Old Haunts

Day 99-100 • June 8-9, 2012 •  Manhattan to Topeka, KS •  60 miles

We got an uncharacteristically early start today so that we could spend some time with my high school friend and first hang gliding partner, Jeff.  Glidewell.  I knew back in high school that being associated with that name was an omen good for a long flying career and I was right, logging about 25 years before calling it quits.  Jeff is still flying, one of the most intuitive pilots I’ve ever known.  What’s in a name?

Probably a bigger factor in our successful flying careers than the perfect last name was very supportive families, like Jeff’s mom Pat and dad John.  Some of my fondest childhood memories are flying trips in John’s baby blue Lincoln Continental with Jeff and his family, gliders strapped on top.  I can’t imagine many parents would sacrifice their beloved luxury car to a brutal sport like hang gliding but John embraced it.  Another key parental figure was my mom and dad.  After nearly destroying our original Pliable Moose glider (made in Kansas!) in an ill-advised high wind keel launch, my mom drove us to Kansas City (we couldn’t drive yet) to find parts to fix it.  There we learned we were a couple years behind in technology and technique—an eternity in a rapidly evolving sport—and got hooked up with the right people and equipment to get our flying careers on track.  I don’t know how much our respective parents fretted over our flying or if they consulted each other about it but if they were concerned, they never let on.

We met Jeff in Rossville where he now lives, greeted by a sign he put up along the highway welcoming us (thanks Jeff!).  Pat and John drove out from Topeka and met us for lunch.  After lunch Jeff and I caught up a bit before Zoe and I had to take off so that we could reach Topeka before dark.  About the same time of day on this date forty-six years ago, an F5 tornado destroyed our neighborhood near downtown Topeka while we were in the basement.  It was the last time we would live in that house, our new house in Highland Park was already under construction, but it was the only house left (mostly) standing on the block.  It was rebuilt and stands today but we didn’t get a chance to visit it.  No severe weather threatened us today.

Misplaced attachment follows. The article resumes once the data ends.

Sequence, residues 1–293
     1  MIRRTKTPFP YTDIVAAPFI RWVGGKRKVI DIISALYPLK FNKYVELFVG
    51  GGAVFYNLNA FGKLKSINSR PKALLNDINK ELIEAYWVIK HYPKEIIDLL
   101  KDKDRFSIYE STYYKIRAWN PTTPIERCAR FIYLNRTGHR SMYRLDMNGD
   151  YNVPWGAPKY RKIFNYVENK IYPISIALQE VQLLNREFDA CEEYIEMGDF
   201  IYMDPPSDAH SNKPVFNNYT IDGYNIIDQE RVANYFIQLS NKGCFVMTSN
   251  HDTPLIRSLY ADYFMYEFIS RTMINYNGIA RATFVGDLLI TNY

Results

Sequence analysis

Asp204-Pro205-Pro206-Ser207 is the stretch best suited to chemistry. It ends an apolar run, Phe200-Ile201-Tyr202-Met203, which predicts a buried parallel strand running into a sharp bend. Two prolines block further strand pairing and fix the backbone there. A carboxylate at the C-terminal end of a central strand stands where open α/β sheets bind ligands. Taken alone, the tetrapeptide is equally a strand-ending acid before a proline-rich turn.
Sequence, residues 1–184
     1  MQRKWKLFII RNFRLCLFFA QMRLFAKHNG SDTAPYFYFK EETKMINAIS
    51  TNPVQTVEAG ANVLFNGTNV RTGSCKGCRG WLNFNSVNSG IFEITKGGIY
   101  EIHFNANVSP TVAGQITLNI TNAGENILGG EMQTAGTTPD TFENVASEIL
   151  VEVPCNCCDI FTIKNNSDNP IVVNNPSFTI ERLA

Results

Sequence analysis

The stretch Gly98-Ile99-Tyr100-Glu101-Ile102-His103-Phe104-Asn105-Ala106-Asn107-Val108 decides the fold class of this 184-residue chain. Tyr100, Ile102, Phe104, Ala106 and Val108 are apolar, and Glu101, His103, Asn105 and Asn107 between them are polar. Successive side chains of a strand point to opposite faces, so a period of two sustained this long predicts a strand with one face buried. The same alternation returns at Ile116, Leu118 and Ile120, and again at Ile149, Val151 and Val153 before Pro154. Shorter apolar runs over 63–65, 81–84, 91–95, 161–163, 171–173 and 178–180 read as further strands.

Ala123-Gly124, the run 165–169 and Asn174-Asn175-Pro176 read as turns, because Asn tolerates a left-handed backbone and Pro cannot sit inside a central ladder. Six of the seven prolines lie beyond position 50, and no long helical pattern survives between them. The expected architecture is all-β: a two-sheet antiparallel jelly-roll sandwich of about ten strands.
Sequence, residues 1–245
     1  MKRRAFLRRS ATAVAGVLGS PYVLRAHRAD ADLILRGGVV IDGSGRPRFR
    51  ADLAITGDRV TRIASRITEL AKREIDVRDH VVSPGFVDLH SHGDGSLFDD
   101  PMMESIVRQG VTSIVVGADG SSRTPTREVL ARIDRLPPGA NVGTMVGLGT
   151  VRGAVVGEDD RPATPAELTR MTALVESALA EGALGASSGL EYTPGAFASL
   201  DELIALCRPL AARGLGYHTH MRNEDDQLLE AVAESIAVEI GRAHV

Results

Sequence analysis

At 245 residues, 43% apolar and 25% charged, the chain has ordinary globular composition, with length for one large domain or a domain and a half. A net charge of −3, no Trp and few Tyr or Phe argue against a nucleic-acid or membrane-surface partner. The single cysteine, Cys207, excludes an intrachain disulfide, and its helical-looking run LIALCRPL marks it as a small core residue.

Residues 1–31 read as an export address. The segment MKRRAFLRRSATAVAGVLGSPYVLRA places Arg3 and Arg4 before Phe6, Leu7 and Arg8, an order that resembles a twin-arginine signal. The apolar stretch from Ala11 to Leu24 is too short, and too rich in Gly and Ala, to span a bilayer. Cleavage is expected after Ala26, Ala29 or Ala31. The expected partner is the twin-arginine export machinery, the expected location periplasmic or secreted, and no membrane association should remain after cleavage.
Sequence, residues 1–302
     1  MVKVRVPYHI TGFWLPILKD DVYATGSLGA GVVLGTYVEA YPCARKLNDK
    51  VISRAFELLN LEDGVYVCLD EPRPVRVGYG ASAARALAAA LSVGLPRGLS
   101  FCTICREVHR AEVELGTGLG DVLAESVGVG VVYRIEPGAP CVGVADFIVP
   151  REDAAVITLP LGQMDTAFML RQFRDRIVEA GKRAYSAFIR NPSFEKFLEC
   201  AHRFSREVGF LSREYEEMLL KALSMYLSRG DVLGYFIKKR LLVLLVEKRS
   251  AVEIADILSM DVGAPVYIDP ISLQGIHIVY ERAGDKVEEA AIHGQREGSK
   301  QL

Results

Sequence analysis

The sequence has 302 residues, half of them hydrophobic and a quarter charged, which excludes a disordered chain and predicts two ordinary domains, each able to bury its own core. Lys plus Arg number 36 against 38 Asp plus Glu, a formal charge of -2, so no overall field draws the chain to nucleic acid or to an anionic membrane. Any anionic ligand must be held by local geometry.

In Topeka we stayed with Kent, an even earlier childhood friend, and his wife Kim.  They live a block from the house where I grew up after the tornado so we were able to stay in the old neighborhood of Highland Park.  It was nice to see the house in good shape and the neighborhood looked much like I remembered it.  However it seemed like most new development was happening on the west side of town which might not bode well for the east side.

It was fun catching up with Kent.  As a technician for Coke, he even confirmed something I long suspected back when I was drinking more pop than any human should consume:  McDonald’s Coke is consistently better than your average fountain Coke.  This is because they regularly maintain their equipment and ensure the lines are kept cold.  There were other more technical reasons that I’ve forgotten.  Years of poisoning my body with Coke so that I can share this tidbit of wisdom with you.  You’re welcome.

We stayed an extra day in Topeka so that we could catch up with some more friends.  We had a good visit with Day and Virginia with whom we spent many a family vacation and we chatted some more with John and Pat at their home in Highland Park.   Back to the topic of poisoning, we visited a Topeka icon, Taco Tico.  No, it’s not just like Taco Bell but it definitely wasn’t what I remembered. I can now scratch that off the list for future visits.

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1 thought on “Old Haunts

  1. Very cool that you got to visit so many people in Manhattan and Topeka! When I read the dates I was glad to see that you noted the anniversary of the ’66 tornado. Interesting that we date much of our childhoods as pre and post tornado. Also, the sign Jeff put up welcoming you was great! No doubt many Rossvillians (an ominous label) wondered what that was about.


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